MGMT-Positive vs MGMT-Negative PatientsWith Glioblastoma: Identification of Prognostic Factors and Resection Threshold

Neurosurgery 88:E323–E329, 2021

The importance of the O6-methylguanine-DNA methyltransferase (MGMT) promoter methylation status as a predictive factor for the response to chemotherapy with temozolomide is well established. Its significance though at stratifying glioblastoma (GBM) patients in regard to their prognostic factors and the impact of surgical approach on them has not been identified.

OBJECTIVE: To reveal possible differences in the prognostic factors and the impact of surgery between GBM patients stratified according to their MGMT status.

METHODS: The authors retrospectively analyzed 186 patients with a newly diagnosed primary supratentorial GBM treated with surgical resection followed by standard radiation and chemotherapy. A prospective quantitative volumetric analysis of tumor characteristics identified on magnetic resonance imaging was performed.

RESULTS: For the 109 patients with unmethylated MGMT promoter, extent of resection (EOR) represented independent predictor of survival, whereas residual tumor volume (RTV), Karnofsky Performance Score, and age were found to be independent prognostic factors of survival for the 77 patients with methylated MGMT promoter. For the group of patients with unmethylated and the group with methylated MGMT promoter, an EOR threshold of 70% and 98% and an RTV threshold of 1.5 and 1 cm3 were identified, respectively.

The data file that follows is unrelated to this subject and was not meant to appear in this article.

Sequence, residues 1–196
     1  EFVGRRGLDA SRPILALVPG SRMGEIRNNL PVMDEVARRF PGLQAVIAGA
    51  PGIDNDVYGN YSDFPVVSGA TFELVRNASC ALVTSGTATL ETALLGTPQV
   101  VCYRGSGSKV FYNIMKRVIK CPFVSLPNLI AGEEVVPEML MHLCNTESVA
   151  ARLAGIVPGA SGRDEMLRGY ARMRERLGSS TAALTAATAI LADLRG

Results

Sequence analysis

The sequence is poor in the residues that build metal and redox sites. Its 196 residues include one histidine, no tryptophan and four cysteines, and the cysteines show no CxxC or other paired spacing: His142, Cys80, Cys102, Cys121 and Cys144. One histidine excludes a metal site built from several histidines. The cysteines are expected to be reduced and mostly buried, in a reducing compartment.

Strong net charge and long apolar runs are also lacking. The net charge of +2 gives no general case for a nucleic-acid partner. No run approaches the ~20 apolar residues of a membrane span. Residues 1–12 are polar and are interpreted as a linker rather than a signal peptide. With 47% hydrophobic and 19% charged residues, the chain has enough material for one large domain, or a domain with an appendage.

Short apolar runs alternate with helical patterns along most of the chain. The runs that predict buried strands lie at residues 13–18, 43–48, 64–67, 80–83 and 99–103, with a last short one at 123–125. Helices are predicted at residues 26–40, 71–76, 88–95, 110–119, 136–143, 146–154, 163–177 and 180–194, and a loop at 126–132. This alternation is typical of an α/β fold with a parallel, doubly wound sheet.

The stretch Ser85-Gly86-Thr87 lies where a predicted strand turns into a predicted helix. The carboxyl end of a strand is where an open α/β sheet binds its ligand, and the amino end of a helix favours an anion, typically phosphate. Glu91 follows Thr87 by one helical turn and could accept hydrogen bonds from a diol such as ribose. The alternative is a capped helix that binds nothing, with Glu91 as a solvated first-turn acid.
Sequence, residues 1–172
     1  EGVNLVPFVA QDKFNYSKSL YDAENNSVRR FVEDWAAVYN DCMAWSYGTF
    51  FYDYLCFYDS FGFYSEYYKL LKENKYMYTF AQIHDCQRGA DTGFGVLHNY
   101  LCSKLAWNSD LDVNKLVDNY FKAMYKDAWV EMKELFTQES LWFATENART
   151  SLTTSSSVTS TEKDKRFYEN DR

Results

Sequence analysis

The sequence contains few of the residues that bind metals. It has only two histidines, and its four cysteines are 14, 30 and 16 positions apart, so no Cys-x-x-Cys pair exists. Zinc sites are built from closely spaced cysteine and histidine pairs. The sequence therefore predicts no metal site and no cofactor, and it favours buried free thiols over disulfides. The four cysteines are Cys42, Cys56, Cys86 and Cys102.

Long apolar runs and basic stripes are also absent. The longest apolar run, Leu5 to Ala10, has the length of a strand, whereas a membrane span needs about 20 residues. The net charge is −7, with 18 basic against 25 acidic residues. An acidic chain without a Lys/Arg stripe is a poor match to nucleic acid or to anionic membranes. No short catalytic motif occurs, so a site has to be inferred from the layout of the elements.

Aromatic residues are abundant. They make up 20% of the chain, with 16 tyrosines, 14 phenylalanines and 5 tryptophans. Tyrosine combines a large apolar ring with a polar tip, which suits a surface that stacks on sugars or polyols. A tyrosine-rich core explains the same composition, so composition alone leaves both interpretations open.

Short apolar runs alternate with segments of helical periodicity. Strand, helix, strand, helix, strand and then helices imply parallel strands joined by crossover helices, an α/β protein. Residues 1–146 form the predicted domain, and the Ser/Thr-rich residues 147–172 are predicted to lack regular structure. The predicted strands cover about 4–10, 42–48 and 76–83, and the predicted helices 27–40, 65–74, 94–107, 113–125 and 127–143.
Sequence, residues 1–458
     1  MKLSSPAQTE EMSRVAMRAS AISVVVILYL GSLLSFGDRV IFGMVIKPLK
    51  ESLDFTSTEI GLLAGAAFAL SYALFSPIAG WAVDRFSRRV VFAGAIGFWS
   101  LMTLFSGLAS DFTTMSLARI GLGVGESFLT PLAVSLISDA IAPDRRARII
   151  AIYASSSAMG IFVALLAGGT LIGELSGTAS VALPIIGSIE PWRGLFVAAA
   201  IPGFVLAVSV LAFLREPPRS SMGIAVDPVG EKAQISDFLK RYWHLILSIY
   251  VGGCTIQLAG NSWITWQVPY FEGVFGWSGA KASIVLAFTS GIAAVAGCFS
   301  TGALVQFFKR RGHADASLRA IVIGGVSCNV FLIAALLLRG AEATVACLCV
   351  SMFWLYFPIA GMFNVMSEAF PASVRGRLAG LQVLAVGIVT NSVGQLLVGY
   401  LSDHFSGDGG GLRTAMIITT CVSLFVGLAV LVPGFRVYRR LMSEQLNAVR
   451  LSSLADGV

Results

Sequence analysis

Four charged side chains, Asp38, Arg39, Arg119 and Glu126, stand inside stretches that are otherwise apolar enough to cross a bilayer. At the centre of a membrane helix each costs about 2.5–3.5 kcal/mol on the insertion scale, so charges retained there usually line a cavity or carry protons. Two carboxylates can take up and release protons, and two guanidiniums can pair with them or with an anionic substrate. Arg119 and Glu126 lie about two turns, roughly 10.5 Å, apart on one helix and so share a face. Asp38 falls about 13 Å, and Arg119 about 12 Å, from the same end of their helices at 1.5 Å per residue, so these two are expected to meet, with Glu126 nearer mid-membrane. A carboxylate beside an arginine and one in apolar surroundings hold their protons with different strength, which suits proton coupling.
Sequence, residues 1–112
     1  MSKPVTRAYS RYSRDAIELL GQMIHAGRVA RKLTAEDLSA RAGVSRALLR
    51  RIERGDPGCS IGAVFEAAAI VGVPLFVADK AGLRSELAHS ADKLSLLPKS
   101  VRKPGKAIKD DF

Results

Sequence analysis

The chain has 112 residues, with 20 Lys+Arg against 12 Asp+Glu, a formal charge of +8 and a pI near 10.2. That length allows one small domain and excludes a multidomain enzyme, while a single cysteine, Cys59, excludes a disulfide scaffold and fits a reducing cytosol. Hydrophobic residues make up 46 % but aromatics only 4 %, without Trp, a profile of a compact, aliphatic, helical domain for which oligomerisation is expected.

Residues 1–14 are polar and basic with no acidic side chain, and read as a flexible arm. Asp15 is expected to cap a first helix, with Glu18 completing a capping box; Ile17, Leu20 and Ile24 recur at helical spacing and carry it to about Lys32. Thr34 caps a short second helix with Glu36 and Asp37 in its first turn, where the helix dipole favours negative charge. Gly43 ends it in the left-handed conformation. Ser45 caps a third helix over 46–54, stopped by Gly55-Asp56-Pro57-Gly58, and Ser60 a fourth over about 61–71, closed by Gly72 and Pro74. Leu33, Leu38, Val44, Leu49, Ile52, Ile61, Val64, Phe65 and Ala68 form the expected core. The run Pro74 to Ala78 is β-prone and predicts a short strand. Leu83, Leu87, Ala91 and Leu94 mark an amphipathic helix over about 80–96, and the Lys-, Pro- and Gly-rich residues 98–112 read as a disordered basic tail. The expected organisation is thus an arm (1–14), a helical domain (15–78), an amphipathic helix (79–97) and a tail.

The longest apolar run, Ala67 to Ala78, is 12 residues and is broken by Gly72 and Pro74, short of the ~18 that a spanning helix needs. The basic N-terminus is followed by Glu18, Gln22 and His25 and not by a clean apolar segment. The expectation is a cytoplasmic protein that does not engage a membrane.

CONCLUSION: The selection of patients according to the MGMT promoter methylation status resulted in different prognostic factors and different resection thresholds for each patient population. A survival benefit seen from 70% EOR threshold in patients with MGMT unmethylated GBM supports the doctrine of maximum safe resection rather than the “all or- nothing” approach.